B.C. contacting car lease agencies amid crackdown on ridesharing
Published Wednesday, March 14, 2018 5:25PM PDT
Last Updated Wednesday, March 14, 2018 7:39PM PDT
The B.C. government is taking an unusual approach to cracking down on underground ride-hailing firms by getting in touch with the company that owns their vehicles.
Letters obtained by CTV News show the Passenger Transportation Branch is not just sending cease and desist orders to drivers working with these Uber-like apps – it’s also sending letters to the people leasing them cars.
“It was quite a shock to us,” said Mike Gignac of Richmond Chrysler Dodge Jeep, who said his dealership received a letter last year.
The letter claimed one of Gignac’s 2016 Jeep Wranglers was being used as a rideshare vehicle -- against Gignac’s contract -- and the driver could be liable for thousands in fines.
“We contacted the driver, and sent an e-mail reminding him that that’s against the conditions of our contract,” Gignac told CTV News. “He said he would cease and desist.”
It’s one of at least ten letters sent by the PTB, along with some two dozen warnings sent to the drivers directly.
Even though the B.C. government is exploring legalizing and regulating ride-hailing services, it’s cracking down on those services in the meantime.
The most recognized company, Uber, is still not allowed to operate in B.C. But that hasn’t stopped small upstart companies from claiming their share in a voracious market for the service.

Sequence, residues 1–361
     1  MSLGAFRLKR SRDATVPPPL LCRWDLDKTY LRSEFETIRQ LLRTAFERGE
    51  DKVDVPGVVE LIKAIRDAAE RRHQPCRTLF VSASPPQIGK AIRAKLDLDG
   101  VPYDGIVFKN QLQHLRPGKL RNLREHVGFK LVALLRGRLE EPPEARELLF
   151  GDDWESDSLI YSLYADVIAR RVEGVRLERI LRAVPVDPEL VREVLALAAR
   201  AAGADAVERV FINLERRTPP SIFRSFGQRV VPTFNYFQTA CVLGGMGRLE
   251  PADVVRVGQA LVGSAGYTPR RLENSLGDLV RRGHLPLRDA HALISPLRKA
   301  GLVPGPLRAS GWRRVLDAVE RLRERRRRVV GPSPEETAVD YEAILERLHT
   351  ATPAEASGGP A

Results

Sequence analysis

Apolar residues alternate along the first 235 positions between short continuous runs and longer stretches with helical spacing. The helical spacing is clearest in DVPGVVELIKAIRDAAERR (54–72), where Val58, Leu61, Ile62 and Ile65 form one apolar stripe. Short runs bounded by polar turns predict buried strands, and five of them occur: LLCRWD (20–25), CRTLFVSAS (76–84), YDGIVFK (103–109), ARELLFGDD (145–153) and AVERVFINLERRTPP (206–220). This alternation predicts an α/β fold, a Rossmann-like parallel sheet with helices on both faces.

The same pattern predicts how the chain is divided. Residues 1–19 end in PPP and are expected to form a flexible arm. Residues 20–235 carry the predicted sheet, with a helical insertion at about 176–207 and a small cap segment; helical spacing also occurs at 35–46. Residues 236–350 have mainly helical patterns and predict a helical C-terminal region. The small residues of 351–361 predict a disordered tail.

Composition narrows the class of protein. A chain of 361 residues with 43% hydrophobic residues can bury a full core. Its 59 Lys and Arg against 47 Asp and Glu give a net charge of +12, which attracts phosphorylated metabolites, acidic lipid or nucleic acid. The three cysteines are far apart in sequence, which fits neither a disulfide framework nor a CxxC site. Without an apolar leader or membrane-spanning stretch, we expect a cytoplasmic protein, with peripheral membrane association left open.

Companies such as RacoonGo and Udi Kuache have launched apps that connect drivers and passengers just like Uber does.
The province has issued 30 violation tickets to drivers at $1,150 each, for a total of $34,500. Only a fifth of those fines – or about $6,900 -- have been paid.
Approaching leasing companies could lead them to ask for their cars back.
But the real risk of driving one of these vehicles could be the liability they’re assuming in the event of a crash, said lawyer Adam Ueland of Simpson, Thomas and Associates. He told CTV News a driver could be on the hook for millions in a crash if he’s at fault.
And if the passenger can be shown to have known the ride-hailing service wasn’t covered, they too could be on the hook for his or her own injuries.
“If you have knowledge that you’re involved in an illegal activity, or you know there’s no insurance, your claim can be denied,” Ueland said.
ICBC does offer insurance for ride-hailing services, but it’s contingent on a license from the Passenger Transportation Board, which has never granted one.